- Today we come here to hear and receive Jesus’ last will and testament, when on the night before he died, he went so far beyond what his 28th generation grandfather David said and did in his son Solomon’s presence. Jesus told us that just as the Father loved him, so he loves us. He told us to remain in him as branches on the vine. He told us about the Holy Spirit that he and the Father would send as their supreme gift. He prayed for us that we might be one as he and the Father are one. He consecrated himself for us that we might be consecrated in the truth. And after saying all of this, he then gave us himself as his last will and testament, saying, “This is my Body,” and “This is the chalice of my blood, the blood of the new and eternal Covenant,” the blood of the new and everlasting Testament. This is the food that will make us take courage and be a mature man and woman to the full stature of Christ. This is the nourishment that will make us the richest people on the planet. This is the means by which we will be strengthened to go out to the world united with Christ so that we can preach him credibly and help everyone else to grasp that they are heirs of this same Covenant of God’s everlasting love. These are truths to which we seek to give witness in life, in death and even after!
The readings for today’s Mass were:
1 KGS 2:1-4, 10-12
he gave these instructions to his son Solomon:
“I am going the way of all flesh.
Take courage and be a man.
Keep the mandate of the LORD, your God, following his ways
and observing his statutes, commands, ordinances, and decrees
as they are written in the law of Moses,
that you may succeed in whatever you do,
wherever you turn, and the LORD may fulfill
the promise he made on my behalf when he said,
‘If your sons so conduct themselves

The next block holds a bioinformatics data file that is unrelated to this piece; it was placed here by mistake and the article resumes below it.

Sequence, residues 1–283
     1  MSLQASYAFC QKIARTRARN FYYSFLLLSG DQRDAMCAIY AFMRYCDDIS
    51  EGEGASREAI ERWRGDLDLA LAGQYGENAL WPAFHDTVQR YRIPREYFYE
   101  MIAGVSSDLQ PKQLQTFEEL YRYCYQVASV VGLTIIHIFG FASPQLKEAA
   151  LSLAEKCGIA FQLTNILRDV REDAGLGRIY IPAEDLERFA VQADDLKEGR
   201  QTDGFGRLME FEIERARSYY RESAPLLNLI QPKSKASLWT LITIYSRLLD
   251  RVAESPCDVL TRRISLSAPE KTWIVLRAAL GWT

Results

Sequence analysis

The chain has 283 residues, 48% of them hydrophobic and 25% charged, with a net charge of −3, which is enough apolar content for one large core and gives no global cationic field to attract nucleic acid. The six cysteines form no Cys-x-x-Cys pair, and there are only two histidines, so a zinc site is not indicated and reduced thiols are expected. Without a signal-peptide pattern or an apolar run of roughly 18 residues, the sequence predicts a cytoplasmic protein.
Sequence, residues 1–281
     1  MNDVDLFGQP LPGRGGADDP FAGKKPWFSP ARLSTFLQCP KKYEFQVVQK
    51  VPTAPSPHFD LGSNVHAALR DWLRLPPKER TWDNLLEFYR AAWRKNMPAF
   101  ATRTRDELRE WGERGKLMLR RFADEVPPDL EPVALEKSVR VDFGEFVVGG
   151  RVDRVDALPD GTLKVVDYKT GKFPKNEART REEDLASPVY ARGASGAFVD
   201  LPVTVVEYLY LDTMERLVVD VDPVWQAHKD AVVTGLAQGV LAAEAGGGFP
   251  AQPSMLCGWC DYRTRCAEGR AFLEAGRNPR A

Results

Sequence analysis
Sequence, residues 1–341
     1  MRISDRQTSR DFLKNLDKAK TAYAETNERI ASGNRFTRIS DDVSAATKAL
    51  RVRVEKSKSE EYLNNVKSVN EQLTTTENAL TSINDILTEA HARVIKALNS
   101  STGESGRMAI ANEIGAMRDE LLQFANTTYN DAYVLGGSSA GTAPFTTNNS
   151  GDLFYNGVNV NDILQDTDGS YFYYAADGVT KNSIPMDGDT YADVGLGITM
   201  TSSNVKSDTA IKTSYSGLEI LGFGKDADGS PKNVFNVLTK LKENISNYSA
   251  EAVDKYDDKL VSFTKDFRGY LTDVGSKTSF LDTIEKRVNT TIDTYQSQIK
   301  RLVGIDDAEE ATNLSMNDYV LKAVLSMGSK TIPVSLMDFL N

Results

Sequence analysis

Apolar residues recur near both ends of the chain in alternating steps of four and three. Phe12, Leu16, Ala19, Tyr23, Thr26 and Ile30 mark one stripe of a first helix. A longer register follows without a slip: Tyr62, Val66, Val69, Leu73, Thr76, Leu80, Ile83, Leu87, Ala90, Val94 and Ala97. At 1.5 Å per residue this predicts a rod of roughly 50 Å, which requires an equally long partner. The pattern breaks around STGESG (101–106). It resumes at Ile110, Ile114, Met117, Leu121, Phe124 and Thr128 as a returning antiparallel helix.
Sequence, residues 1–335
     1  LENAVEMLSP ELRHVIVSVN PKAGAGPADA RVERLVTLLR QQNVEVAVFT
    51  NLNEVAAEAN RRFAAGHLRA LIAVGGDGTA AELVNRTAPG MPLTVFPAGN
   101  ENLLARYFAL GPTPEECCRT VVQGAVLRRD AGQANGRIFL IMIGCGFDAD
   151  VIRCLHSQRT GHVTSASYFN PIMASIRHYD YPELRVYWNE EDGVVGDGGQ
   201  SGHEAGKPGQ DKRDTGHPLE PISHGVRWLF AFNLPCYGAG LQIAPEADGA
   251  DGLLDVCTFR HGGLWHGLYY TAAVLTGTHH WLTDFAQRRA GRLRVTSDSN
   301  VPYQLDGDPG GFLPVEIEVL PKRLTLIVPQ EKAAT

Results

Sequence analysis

that they remain faithful to me with their whole heart
and with their whole soul,
you shall always have someone of your line
on the throne of Israel.’”
The length of David’s reign over Israel was forty years:
he reigned seven years in Hebron
and thirty-three years in Jerusalem.
with his sovereignty firmly established.
1 CHR 29:10, 11AB, 11D-12A, 12BCD
“Blessed may you be, O LORD,
God of Israel our father,
from eternity to eternity.”
R. Lord, you are exalted over all.
“Yours, O LORD, are grandeur and power,
majesty, splendor, and glory.”
R. Lord, you are exalted over all.
“LORD, you are exalted over all.
Yours, O LORD, is the sovereignty;
you are exalted as head over all.
Riches and honor are from you.”
R. Lord, you are exalted over all.
“In your hand are power and might;
it is yours to give grandeur and strength to all.”
R. Lord, you are exalted over all.
and gave them authority over unclean spirits.
He instructed them to take nothing for the journey but a walking stick
–no food, no sack, no money in their belts.
They were, however, to wear sandals but not a second tunic.
He said to them,
“Wherever you enter a house, stay there until you leave from there.
Whatever place does not welcome you or listen to you,
leave there and shake the dust off your feet
in testimony against them.”
So they went off and preached repentance.
The Twelve drove out many demons,
and they anointed with oil many who were sick and cured them.